The growing partnerships between the state and civil society organizations (CSOs) in the development process of aid-dependent states are largely explained by the New Policy Agenda, which put emphasis on a minimalist state and the enhanced role of civil society. The article observes that the partnership has been derailed by conflicting interests, approaches, suspicions and competition for aid and legitimacy. It also points out that the partnership has been affected by the state's goal to co-opt CSOs while CSOs also suffer from dependency, lack of downward accountability and linkages to grassroots organizations, which compromise their autonomy and legitimacy. The article argues that unless a framework is established in which terms of collaboration are spelled out for purposes of coordination and conflict resolution, the partnership in poverty reduction may not achieve significant gains.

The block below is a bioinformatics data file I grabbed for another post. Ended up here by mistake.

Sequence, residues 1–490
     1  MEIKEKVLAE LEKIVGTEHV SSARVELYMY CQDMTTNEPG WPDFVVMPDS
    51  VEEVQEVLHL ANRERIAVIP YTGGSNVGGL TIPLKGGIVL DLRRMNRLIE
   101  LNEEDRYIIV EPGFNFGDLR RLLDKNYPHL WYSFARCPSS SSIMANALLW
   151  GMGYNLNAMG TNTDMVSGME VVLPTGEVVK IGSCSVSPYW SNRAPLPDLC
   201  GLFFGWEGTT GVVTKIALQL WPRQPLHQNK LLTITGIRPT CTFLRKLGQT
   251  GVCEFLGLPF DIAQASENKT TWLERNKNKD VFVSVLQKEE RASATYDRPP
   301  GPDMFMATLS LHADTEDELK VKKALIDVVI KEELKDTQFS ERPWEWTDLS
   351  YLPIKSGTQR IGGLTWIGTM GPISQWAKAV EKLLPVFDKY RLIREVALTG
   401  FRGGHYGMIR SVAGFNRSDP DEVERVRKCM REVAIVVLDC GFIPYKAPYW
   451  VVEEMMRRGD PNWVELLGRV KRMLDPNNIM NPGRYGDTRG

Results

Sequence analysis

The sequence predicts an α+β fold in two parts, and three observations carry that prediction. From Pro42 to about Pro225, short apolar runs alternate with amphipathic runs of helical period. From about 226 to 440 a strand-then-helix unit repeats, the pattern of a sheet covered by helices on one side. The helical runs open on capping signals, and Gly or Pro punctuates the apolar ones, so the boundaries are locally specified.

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pp. 1-21
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